A-brand1Brands have the greatest impact when they touch an emotional nerve. Especially in elections. When the brand message reverberates on that emotional nerve, three very interesting and important phenomena takes place.

1) The brand is remembered and noticed. When an emotion is struck, it is felt, by definition, and is virtually impossible to ignore

2) The brand is placed. By this I mean it is provided with an emotional context that allows us to understand where the brand belongs in the flood of ideas and messages that come our way every day. Being able to “place” a brand message is the first step in understanding the brand’s meaning. It is the route every brand must take if it is striving for acceptance and new customers.

3) The motivational ideas transform themselves into equity markers. This is an important transformation because equity markers are the “things” we witness (see, here, taste, and feel) that seem to belong to that brand. When we experience these markers, we are instantly reminded of that brand and because the brand has been placed, we are able to file all of this information and feeling into the cubby hole that our brains now reserve for that brand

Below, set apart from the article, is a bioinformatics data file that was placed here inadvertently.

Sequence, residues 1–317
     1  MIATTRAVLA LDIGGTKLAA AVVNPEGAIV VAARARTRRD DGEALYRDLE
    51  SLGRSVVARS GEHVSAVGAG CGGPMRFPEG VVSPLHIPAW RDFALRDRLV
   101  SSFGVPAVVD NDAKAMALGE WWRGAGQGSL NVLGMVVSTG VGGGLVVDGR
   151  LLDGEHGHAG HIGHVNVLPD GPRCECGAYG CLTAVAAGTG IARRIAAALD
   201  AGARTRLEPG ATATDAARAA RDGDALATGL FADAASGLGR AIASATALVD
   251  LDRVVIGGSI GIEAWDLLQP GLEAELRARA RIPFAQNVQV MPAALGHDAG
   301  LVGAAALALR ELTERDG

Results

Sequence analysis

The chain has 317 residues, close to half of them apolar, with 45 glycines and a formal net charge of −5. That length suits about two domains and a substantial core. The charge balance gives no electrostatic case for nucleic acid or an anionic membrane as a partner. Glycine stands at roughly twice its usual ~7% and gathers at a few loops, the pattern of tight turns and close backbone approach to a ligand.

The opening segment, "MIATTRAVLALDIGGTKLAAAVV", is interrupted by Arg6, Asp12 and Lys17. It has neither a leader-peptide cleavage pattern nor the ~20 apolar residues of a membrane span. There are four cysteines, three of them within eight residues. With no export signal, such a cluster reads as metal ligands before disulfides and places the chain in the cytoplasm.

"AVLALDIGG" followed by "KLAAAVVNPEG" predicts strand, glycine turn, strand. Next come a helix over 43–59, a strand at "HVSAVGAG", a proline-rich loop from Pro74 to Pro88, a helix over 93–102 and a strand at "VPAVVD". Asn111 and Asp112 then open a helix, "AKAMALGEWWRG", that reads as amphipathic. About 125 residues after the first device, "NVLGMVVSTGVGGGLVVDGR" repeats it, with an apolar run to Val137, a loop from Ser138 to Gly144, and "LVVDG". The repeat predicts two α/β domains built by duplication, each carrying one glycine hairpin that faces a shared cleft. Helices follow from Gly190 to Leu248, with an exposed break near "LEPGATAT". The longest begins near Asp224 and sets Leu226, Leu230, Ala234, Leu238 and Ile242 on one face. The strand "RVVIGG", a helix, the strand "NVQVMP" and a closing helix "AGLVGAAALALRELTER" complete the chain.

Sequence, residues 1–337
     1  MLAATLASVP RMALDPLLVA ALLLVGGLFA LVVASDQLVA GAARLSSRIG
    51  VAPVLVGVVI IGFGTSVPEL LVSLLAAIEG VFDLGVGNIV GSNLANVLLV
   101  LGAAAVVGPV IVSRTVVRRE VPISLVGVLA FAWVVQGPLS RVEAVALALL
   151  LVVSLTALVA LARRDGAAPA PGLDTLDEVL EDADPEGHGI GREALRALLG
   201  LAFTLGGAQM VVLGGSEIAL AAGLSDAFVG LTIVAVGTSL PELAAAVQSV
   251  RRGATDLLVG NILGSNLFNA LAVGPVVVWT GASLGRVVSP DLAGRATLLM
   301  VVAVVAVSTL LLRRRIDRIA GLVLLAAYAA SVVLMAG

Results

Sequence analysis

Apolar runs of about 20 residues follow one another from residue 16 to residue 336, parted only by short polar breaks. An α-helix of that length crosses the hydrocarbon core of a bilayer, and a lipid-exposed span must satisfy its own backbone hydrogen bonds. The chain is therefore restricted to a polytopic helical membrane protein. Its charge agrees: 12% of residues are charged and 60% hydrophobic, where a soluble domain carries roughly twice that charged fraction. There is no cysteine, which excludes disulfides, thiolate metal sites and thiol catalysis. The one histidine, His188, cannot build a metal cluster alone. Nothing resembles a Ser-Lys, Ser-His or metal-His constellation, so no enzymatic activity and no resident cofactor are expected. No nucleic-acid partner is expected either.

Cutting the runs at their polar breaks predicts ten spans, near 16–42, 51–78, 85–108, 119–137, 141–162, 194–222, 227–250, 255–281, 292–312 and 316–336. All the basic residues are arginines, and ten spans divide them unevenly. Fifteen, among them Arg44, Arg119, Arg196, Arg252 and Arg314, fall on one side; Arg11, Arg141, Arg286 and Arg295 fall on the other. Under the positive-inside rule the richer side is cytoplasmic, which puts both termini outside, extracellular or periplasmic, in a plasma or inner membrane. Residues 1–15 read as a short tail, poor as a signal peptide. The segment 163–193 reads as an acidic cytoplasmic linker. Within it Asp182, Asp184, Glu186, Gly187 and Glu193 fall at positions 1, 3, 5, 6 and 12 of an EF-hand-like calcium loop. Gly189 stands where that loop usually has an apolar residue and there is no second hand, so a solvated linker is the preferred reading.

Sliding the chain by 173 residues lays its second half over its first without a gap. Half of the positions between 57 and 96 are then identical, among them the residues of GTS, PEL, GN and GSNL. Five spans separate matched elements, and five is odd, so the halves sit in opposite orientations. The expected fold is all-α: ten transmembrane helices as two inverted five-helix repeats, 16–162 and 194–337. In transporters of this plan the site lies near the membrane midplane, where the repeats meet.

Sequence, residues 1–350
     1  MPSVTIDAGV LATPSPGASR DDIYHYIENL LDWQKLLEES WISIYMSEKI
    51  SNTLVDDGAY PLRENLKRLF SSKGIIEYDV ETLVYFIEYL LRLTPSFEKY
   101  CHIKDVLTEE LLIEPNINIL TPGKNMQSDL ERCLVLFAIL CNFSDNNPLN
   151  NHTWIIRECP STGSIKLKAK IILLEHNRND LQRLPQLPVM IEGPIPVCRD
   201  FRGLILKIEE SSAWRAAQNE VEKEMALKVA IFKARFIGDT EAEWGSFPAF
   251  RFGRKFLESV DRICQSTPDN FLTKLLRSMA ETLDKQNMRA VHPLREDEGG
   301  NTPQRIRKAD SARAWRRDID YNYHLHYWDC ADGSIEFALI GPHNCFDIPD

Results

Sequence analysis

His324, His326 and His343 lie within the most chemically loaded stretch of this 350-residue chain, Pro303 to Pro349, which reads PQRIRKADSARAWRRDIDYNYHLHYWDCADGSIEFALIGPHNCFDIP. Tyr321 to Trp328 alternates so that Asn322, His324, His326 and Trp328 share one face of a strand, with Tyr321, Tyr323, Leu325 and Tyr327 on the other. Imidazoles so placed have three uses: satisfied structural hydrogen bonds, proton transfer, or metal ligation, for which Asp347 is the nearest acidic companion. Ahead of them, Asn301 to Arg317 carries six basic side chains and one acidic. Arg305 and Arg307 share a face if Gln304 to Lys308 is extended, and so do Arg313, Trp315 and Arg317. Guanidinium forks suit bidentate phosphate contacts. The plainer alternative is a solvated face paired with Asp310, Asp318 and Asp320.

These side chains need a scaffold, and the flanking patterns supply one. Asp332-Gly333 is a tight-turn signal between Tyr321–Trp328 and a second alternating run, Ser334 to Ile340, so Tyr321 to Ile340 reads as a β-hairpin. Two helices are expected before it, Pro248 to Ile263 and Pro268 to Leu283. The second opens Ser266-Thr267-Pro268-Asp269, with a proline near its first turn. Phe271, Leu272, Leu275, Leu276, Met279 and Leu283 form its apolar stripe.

If you think this is just the ramblings of a brand theorist, I want to share with you exactly what brought these ideas to mind this morning, and why it matters to all of us.

I was driving to the office this morning and I was listening to NPR’s Morning Edition. In the course of 10 minutes, I heard three equity markers mentioned and expounded on, and all three of them belong to the Republican Party. They spoke of Grizzly Moms, Obamacare, and the Tea Party.

This is not a dissertation on ideology. (You would be hard pressed to guess my political bent.) It is simply a brand guy seeing a political party that uses its brand capital well.

The Republicans have not only defined the political agenda in the US, they have defined the language in which the debate is framed. Brand genius? Might well be.

I have to think hard to find a political equity that the Democratic Party has defined and used. I’m not talking about slogans like “Yes We Can.” Slogans have short lifetimes and feel “authored.” Equity markers are carefully designed ideas that resonate and become part of the vernacular.

If brand is any indicator, the Democrats have a tough road ahead of then in November. That is, unless they can revive New Deal or Great Society.